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Financial innovation, strategic real options and endogenous competition : theory and an application to Internet banking


  • Richard J. Sullivan
  • David B. Nickerson

    (Fondazione Collegio Carlo Alberto
    Ted Rogers School of Management
    University Turin)


Innovations in financial services continuously influence the scope of financial intermediation and the nature of competition between intermediaries. This paper examines the optimal exercise of strategic real options to invest in such an innovation, Internet banking technology, within a two-stage game, parameterized by the distribution of bank size and uncertainty over the profitability of investment, and empirically tests the results on a novel data set. Unlike traditional options, in which the distribution of the future value of the underlying asset is exogenous and the timing of exercise affects only the return to the option holder, the timing of the exercise of real options in a strategic context allows the option holder to manipulate the distribution of returns to all players. The value of the strategic investment option in our model, as a consequence, depends on both expected future profits as well as the variance of those profits. Expected profits to an entrant depend, in equilibrium, on its size, as measured by existing market share (concentration) or total assets, relative to its rivals. Conditional on the degree of uncertainty, larger banks should, as a consequence, exercise their options earlier than smaller banks, for purely strategic advantages, and act as market leaders in the provision of Internet banking services. Like ordinary options, however, the value of the strategic investment option to both large and small banks increases in uncertainty, implying that early exercise will be more likely the more information is available about potential demand. We test these hypotheses on investment in Internet banking services with data from a sample of 1,618 commercial banks in the tenth Federal Reserve District during 1999. Evidence indicates that relative bank size, as measured by either market share or asset size, positively influences the likelihood of entry into Internet banking, and trend-adjusted variation in income per person (a proxy for uncertainty of demand) negatively influences the likelihood of entry into Internet banking. In addition, market concentration of a bank's competitive rivals has a negative relationship with the likelihood of entering the market for Internet banking services. These relations are evident in both bivariate analysis and in multivariate logit regression analysis.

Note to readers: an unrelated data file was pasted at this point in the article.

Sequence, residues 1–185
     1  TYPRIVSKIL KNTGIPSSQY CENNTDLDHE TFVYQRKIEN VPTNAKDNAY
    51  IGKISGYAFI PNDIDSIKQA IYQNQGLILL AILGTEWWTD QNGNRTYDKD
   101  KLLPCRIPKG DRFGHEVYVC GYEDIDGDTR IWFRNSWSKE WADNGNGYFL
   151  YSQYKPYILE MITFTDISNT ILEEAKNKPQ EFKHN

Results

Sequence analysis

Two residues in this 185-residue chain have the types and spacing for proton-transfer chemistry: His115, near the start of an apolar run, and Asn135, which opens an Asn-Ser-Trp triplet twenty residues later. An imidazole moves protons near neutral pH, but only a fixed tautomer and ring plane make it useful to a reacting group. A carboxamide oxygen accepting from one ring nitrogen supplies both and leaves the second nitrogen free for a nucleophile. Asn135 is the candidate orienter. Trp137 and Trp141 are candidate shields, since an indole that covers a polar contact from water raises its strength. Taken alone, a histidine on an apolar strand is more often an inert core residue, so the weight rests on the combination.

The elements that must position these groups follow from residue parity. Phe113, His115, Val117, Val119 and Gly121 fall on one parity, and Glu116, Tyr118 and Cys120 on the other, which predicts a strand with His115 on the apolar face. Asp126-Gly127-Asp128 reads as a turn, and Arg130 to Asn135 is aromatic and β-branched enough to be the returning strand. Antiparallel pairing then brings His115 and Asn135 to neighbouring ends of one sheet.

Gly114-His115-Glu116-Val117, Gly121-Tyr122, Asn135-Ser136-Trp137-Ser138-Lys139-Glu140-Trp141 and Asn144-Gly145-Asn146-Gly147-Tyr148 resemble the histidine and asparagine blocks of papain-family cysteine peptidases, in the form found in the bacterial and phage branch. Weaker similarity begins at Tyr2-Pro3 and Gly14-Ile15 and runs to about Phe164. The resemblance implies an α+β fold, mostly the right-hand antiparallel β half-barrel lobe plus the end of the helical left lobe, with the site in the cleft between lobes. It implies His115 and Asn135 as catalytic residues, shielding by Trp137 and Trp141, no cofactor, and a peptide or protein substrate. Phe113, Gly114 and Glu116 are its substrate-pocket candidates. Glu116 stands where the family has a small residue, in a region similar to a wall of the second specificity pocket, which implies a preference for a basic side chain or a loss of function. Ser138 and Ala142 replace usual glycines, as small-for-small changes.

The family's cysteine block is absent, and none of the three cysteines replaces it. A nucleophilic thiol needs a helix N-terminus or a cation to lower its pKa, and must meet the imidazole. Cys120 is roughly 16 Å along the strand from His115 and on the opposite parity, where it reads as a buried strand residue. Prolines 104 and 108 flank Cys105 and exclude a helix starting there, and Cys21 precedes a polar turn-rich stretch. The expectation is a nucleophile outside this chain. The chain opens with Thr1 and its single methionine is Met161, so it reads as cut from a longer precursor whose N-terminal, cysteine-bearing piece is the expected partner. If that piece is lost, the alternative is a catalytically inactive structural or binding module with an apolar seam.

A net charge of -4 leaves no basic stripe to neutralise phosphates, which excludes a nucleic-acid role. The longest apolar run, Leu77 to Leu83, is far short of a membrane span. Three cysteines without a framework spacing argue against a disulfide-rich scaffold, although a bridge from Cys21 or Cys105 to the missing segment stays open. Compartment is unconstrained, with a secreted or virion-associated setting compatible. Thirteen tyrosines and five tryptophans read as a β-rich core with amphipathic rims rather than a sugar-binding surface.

Suggested Citation

  • Richard J. Sullivan & David B. Nickerson, 2003. "Financial innovation, strategic real options and endogenous competition : theory and an application to Internet banking," Payments System Research Working Paper PSR WP 03-01, Federal Reserve Bank of Kansas City, revised 2003.
  • Handle: RePEc:fip:fedkpw:psrwp03-01

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    Cited by:

    1. Robert DeYoung & William Hunter & Gregory Udell, 2004. "The Past, Present, and Probable Future for Community Banks," Journal of Financial Services Research, Springer;Western Finance Association, vol. 25(2), pages 85-133, April.
    2. Hernández-Murillo, Rubén & Llobet, Gerard & Fuentes, Roberto, 2010. "Strategic online banking adoption," Journal of Banking & Finance, Elsevier, vol. 34(7), pages 1650-1663, July.
    3. Kagan, Albert & Acharya, Ram N. & Lingam, Rao S. & Kodepaka, Vinod, 2005. "Does Internet Banking Affect the Performance of Community Banks?," 2005 Annual meeting, July 24-27, Providence, RI 19246, American Agricultural Economics Association (New Name 2008: Agricultural and Applied Economics Association).
    4. DeYoung, Robert & Lang, William W. & Nolle, Daniel L., 2007. "How the Internet affects output and performance at community banks," Journal of Banking & Finance, Elsevier, vol. 31(4), pages 1033-1060, April.
    5. Bos, Jaap W.B. & Kolari, James W. & van Lamoen, Ryan C.R., 2013. "Competition and innovation: Evidence from financial services," Journal of Banking & Finance, Elsevier, vol. 37(5), pages 1590-1601.
    6. Donal G. MCKILLOP & Barry QUINN, 2015. "Web Adoption By Irish Credit Unions: Performance Implications," Annals of Public and Cooperative Economics, Wiley Blackwell, vol. 86(3), pages 421-443, September.
    7. John Goddard & Donal McKillop & John Wilson, 2009. "Which Credit Unions are Acquired?," Journal of Financial Services Research, Springer;Western Finance Association, vol. 36(2), pages 231-252, December.
    8. John Hudson, 2012. "Internet Banking and the Marginal Internet User," Department of Economics Working Papers 7/12, University of Bath, Department of Economics.
    9. Orviska, Marta & Hudson, John, 2009. "Dividing or uniting Europe? Internet usage in the EU," Information Economics and Policy, Elsevier, vol. 21(4), pages 279-290, November.
    10. Elisabeta Pana & Sascha Vitzthum & David Willis, 2015. "The impact of internet-based services on credit unions: a propensity score matching approach," Review of Quantitative Finance and Accounting, Springer, vol. 44(2), pages 329-352, February.

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    Internet banking; Competition; Internet;

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